"Spline approximation error"

I recent paper of mine was rejected following statistical review. I am completely unable to parse what the criticism is or what it means and would love to hear your comments or links to teaching materials that explain the supposed error.

For several years now I have liberally used restricted cubic splines, following auditing the regression modelling strategies course by Frank Harrell Jr. A prospective study I was involved in was rejected because of something called “spline approximation error”. I am unable to find anything about this term, or related terms, in RMS or other statistical textbooks, nor through google searching. It should be noted that we did present the regression equation in the supplement, we used restricted cubic splines not B-splines (and this was very clear in the paper), and finally, p-values were not used for any inference in the paper, which makes the comment all the more frustrating. However, if this supposed error exists and I have committed it, it would presumably apply to the confidence intervals as well. The comment is presented below:

“The paper does not present the expression of the logistic model, so it is clear about how the true functional relationship between the log-odd of the outcome and age is specified. Based on the descriptions in the paper, it seems that a nonparametric relationship 𝜃(𝑎𝑔𝑒) is included in the logistic model, where the fully unknown function 𝜃() is approximated by B-splines with four knots. If the above understanding of the modeling is accurate, then statistical inference (and the calculation of p values) conducted in this paper is problematic. This is because in the calculation of p values the splines approximation error isn’t accounted for in the analysis, so the resulting inference is incorrect. This is the well-known fact in the statistical literature. The research team should consult a statistician with proper knowledge of nonparametric regression with the utility of splines.”


I wonder if the reviewer thinks that restricted cubic splines are nonparametric and is referring to something similar to the smoothing parameter of generalised additive models. I still don’t see how this would invalidate any inference, but at least the comment would make a bit more sense to me - it would then become an overfitting flavoured argument, which I still don’t think is a valid criticism.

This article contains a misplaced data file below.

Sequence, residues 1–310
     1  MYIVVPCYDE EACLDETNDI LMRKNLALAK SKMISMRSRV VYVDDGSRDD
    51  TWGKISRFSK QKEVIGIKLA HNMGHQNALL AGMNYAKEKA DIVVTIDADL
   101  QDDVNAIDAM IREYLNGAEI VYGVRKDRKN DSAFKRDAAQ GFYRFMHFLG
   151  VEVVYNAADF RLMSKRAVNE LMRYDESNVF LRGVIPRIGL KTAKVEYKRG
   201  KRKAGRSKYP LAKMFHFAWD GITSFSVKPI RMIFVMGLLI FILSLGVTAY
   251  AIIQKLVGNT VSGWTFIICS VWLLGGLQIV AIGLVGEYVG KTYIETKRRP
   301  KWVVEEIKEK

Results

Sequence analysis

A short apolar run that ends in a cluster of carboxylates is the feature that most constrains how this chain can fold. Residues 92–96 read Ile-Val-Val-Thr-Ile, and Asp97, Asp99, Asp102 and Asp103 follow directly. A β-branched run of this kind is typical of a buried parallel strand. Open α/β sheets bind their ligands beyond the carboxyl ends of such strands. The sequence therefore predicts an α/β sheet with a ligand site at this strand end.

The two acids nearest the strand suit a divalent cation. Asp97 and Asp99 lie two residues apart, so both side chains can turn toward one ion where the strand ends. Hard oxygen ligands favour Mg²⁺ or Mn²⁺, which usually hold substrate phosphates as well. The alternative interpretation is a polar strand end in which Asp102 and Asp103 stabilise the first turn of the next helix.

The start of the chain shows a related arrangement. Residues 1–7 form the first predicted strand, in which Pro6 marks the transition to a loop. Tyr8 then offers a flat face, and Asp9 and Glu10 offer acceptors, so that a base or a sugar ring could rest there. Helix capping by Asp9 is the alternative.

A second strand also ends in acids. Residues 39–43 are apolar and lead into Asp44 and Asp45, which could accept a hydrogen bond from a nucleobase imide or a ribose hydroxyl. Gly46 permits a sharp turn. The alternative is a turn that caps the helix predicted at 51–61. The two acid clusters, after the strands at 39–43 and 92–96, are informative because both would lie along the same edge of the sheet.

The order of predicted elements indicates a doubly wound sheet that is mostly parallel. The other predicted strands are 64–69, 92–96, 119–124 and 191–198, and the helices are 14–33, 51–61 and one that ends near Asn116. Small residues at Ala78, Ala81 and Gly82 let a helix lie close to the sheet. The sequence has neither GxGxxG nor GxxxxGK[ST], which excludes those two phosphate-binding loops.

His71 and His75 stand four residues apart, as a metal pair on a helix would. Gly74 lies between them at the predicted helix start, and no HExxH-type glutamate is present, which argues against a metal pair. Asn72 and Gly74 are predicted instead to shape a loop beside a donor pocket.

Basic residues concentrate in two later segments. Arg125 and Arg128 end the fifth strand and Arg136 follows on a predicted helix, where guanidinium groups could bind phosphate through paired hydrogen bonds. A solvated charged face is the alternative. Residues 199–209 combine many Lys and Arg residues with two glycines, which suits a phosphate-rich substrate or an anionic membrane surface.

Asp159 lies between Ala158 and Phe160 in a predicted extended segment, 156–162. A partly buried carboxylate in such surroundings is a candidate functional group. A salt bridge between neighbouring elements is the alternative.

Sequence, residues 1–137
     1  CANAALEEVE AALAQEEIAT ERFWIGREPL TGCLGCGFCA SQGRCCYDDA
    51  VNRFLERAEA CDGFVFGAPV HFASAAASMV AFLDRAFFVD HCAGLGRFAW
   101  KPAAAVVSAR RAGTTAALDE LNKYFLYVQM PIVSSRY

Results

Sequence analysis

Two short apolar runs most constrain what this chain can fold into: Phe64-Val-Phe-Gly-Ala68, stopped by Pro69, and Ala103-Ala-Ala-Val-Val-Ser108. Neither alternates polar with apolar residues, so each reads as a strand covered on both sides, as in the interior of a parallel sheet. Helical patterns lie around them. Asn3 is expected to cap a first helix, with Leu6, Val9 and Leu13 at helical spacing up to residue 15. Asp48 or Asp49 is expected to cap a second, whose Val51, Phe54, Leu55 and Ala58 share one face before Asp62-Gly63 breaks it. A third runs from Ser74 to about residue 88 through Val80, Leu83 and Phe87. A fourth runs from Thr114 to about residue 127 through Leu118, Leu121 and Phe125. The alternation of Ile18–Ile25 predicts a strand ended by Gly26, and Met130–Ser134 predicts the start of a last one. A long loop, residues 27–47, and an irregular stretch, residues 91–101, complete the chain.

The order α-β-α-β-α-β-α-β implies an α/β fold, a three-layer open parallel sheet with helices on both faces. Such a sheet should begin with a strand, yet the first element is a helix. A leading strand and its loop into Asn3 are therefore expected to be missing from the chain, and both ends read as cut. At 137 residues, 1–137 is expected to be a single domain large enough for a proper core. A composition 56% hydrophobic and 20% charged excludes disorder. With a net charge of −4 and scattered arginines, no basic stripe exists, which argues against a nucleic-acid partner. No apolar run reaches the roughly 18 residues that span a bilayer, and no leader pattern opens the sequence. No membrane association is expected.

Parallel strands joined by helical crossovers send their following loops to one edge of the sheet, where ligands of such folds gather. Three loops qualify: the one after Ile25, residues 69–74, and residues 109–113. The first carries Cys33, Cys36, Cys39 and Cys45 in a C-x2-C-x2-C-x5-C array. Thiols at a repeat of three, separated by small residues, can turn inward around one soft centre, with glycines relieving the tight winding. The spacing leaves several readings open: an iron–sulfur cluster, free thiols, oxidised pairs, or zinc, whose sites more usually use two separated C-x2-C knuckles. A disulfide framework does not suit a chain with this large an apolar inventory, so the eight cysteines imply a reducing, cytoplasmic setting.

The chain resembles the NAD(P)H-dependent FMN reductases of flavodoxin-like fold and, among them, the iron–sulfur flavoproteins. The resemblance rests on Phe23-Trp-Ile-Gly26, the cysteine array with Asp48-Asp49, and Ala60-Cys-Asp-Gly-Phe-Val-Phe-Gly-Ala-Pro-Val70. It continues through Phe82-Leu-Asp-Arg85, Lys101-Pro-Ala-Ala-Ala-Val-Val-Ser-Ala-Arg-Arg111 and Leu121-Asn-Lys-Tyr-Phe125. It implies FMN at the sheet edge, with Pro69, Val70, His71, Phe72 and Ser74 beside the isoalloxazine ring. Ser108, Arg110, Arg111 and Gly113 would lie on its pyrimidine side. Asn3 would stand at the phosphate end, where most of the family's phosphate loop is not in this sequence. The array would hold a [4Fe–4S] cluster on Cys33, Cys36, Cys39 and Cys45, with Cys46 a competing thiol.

The reviewer is quite uninformed. I’ve never heard of this but guess that the reviewer is referring to the general phenomenon of lack of fit. If you had fitted a linear age effect the reviewer could have said the true fit is likely to be nonlinear. If you had fitted a quadratic effect in age she might have said that the polynomial should have been cubic, etc. Another thing the reviewer didn’t understand was the bias-variance tradeoff. We never fit in an unbiased way when the same size is not large, e.g., we don’t use 6 knots for a B/natural/restricted cubic spline with small n. Trying to get a perfect fit defeats the model by leading to unstable estimates with wide confidence intervals.


Thank you. The rejection letter referenced this particular statistical review as the grounds for rejection and I am going to contest it.


it seems that the reviewer thinks that the spline function is modeled alone first and then this function is injected into the multivariable logistic model. However, a single model estimates both the spline function and the covariate effects.

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